Freelance social media work,careers in high demand in the future,looking for employees for free,finding jobs after college - Tips For You

22.07.2014
Danielle McGaw quit her job as a business instructor to be able to stay home and do things that she is most passionate about - writing, using social media, creating blogs, and writing about those things! She lives in a small town, smack dab in the middle of Canada, drinks a lot of coffee, and helps small business owners get social as The Social VA. TweetStruggling to find freelance work through traditional channels can be hard graft that often doesn’t reward the time you spend looking for jobs.
Twitter is a hive of activity for technology and media, offering plenty of resources for both journalists and programming freelancers. The great thing about Twitter, and what makes it such a powerful tool for finding work, is that the search functionality is highly customizable (just search for ‘freelance’ or ‘outsource’ with the hashtag ‘job’, for example) allowing you to quickly build up a list of followed organizations that will bring the job opportunities to you.
Facebook is best used as an online portfolio that offers clients an easy way to see your work and interact with you in one easy package.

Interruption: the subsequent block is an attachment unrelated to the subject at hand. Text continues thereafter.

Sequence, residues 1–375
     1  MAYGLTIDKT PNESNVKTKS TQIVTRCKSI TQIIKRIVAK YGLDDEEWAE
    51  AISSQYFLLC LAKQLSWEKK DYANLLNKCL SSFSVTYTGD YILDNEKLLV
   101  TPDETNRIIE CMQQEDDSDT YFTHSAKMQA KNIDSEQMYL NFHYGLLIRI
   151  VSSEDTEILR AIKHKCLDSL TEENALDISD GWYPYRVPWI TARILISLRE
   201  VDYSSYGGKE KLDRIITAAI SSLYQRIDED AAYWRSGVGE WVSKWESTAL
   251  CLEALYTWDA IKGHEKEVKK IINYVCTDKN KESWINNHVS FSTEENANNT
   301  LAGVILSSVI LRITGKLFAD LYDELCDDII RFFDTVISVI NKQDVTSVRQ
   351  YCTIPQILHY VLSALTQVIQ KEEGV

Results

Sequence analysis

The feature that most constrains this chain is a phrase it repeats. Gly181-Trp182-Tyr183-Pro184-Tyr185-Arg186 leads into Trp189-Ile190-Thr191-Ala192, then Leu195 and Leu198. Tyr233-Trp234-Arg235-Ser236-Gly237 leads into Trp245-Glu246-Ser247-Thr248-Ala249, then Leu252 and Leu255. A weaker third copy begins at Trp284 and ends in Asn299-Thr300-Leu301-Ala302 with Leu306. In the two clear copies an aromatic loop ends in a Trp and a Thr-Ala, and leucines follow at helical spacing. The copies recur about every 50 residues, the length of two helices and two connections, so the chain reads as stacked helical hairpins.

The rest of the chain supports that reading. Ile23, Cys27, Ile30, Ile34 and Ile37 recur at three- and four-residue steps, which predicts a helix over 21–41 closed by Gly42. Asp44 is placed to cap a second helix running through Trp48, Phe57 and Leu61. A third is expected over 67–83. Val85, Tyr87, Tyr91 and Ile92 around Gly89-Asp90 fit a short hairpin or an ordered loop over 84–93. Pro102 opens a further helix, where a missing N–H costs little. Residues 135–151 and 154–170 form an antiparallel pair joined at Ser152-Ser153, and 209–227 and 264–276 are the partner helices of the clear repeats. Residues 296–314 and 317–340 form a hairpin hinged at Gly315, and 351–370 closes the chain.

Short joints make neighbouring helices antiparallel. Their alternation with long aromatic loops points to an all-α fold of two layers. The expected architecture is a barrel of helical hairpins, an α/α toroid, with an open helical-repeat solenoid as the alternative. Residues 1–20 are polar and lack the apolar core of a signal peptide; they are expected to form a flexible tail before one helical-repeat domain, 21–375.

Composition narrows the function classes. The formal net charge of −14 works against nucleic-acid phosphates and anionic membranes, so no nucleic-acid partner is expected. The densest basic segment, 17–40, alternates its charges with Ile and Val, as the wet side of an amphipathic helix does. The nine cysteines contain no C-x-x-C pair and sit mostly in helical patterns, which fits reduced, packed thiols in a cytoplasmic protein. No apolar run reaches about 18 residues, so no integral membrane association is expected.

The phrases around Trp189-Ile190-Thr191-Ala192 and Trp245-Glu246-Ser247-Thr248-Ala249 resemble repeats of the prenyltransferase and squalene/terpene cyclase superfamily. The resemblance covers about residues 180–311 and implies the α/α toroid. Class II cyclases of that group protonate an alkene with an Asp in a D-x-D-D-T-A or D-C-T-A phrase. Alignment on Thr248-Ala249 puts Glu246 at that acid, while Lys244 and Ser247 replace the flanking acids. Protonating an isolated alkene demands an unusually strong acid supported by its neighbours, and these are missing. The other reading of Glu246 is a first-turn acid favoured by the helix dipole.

However, the most important thing is to directly contact your target businesses with structured proposals and on-spec work.


Think of these platforms as points of reference to potential employers if you work in a visual medium.
Whatever you do, the social media route to finding work can take a little time, so make sure you’re not relying on it as a quick-fix safety net for when your other work becomes thin on the ground. As the power of social media grows, many businesses are turning to social media platforms to source their freelancers. However, simply waiting for someone to pick you doesn’t really work too well, and it’s sensible to start building relationships with the real players early. Most types of freelancer shouldn’t think too much about making Pinterest and YouTube their main source of work within social media. Even when you have plenty of work coming in, make time to keep your social media outlets active. However, there are few freelancers taking advantage of this, and even fewer that know how to promote themselves, their product or their service on social media.


While your bio doesn’t allow you to show too much of your work, make sure you link to your online portfolio, allowing potential clients to see you work without even having to ask. For anyone still washing around in the doldrums of e-tender or reverse auction sites, read on to see if you could benefit from leveraging social media. You can also use your personal account to simply ask around, which in my experience often yields great potential contacts that you can approach outside of social media. Also, don’t forget your blog in all of this, and make sure you use it to produce authentic, expert content that will bring companies to you through links on your social media platforms.



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